From Lautenschlager to Schumacher, Germany's racing drivers have etched their names at motor sport's very pinnacle. For Mercedes in 1908 and 1914, Christian Lautenschlager won two of the greatest Grands Prix in history. Discovered by Mercedes-Benz, Michael Schumacher went on to win a spectacular seven world championships. Home Marques Porsche, Mercedes-Benz and Auto Union attracted Germany's best drivers from Hans Stuck, Rudy Caracciola and Manfred von Brauchitsch to Hermann Lang, Karl Kling and Hans Herrmann. Theirs were racing cars that were both white and silver, the latter passing into legend with the 'Silver Arrows'.

In these pages Porsche accelerates from plucky underdog to dominant power with its 917, 'Turbo-Panzer' of the Can-Am series, and 956 and 962 endurance racers. Mercedes-Benz teams Juan Fangio with Stirling Moss in the 1950s to sweep both Formula 1 and sports-car classics.

Karl Ludvigsen's dramatic telling of the German saga brings to life the great tracks, the Avus and the Nurburgring, and the cars that raced for Germany from BMW, Adler and DKW to Veritas, Audi and Borgward. Not overlooked are the exploits of such battlers in the class wars as NSU, Stoewer, AFM, Zakspeed, Scampolo, Zoller, AWE, Horch and Ford of Germany.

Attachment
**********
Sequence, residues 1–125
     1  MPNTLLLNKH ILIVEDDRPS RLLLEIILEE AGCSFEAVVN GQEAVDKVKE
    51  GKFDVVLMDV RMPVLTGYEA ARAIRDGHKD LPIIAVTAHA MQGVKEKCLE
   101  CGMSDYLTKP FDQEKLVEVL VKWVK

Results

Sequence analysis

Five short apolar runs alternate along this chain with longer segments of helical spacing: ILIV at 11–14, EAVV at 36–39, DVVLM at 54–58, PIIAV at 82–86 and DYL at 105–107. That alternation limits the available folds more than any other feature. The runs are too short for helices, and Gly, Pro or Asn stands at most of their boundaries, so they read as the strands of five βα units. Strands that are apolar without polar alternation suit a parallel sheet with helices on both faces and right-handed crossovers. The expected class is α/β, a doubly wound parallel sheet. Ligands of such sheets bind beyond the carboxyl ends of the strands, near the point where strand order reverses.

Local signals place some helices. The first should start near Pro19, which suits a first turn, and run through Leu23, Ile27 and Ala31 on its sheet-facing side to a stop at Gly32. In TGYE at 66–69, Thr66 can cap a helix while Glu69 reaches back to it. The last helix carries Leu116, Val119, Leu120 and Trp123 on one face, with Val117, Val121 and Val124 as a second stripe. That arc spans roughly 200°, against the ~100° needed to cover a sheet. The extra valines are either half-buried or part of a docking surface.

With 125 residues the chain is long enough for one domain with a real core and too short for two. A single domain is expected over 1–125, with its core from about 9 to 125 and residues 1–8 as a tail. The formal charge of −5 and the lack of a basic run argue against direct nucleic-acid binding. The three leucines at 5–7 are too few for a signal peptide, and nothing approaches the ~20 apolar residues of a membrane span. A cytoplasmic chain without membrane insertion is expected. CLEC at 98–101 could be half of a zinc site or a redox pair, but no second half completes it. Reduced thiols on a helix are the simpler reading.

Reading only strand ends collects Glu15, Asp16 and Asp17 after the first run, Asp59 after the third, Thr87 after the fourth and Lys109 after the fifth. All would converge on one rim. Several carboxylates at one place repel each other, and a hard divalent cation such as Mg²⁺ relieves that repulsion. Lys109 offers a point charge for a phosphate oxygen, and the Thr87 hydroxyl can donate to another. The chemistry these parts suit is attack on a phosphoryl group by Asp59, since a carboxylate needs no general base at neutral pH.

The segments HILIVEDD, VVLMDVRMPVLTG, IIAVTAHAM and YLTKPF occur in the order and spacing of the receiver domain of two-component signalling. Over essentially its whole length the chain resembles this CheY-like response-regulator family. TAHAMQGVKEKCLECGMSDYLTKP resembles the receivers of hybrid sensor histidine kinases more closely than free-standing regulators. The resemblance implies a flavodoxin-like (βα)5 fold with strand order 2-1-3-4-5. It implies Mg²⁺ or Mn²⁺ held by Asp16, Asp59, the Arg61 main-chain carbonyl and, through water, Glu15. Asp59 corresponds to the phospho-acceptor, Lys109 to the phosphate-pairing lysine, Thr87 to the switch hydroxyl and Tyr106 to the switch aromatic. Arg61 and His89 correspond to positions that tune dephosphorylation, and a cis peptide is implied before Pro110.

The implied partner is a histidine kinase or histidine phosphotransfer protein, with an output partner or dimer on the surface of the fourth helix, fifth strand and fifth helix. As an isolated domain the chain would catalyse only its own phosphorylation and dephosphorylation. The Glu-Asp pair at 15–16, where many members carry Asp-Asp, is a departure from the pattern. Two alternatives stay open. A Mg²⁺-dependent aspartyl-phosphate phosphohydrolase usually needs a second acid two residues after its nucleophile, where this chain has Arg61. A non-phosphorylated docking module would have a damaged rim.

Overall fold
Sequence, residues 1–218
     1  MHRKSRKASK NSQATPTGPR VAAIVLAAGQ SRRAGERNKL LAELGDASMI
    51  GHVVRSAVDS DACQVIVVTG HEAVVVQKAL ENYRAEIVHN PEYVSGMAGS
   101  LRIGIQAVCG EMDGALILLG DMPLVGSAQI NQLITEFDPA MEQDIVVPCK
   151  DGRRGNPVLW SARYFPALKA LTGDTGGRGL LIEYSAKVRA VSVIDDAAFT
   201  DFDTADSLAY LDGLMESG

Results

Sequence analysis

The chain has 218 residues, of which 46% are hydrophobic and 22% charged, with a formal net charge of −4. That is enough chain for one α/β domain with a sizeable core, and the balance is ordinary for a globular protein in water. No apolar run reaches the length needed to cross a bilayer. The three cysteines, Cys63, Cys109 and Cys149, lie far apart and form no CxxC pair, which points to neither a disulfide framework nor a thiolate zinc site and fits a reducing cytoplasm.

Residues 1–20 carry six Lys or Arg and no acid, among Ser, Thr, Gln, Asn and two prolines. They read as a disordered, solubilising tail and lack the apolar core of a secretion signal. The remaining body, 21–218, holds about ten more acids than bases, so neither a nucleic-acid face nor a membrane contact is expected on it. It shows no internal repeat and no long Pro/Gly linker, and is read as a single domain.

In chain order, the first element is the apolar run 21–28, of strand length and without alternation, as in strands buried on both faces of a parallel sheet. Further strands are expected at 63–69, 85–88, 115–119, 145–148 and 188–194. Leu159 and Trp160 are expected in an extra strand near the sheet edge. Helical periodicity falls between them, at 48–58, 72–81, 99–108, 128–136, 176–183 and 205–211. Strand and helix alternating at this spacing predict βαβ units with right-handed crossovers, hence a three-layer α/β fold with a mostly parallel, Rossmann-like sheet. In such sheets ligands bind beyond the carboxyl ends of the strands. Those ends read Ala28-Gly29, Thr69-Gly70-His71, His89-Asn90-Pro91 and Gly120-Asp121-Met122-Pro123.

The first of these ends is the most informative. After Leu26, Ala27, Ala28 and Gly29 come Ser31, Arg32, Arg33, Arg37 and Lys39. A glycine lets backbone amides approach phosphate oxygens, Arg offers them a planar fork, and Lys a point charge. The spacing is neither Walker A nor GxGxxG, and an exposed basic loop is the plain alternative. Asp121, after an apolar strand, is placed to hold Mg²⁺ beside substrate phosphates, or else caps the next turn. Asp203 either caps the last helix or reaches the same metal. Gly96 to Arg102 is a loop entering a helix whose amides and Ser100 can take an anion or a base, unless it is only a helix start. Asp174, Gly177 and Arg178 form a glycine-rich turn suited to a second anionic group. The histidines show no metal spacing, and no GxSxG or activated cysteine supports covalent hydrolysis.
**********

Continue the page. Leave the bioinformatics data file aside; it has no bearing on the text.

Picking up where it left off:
The glistening silver centerpiece of this unique tribute to Germany's racing cars and drivers is the decade of the 1930s, when the Third Reich controversially backed motor sports to flaunt its skill and power. With its historic contests and sensational racing cars that coruscating decade is still classed as motor racing's Golden Age. This is one book that is certain to have motor racing experts and fans thoroughly exhilarated, enticed and eager for the next installment!


Continuing in this incredible new series, Italian motor racing experts reveal the dramatic stories behind their successes and failures, the great classic endurance races and Grand Prix contests in which they dominated - or faced disaster. Motor racing, which has no equal in the ecstasy of victory and agony of defeat, comes vividly to life in the colorful pages of these magnificent books.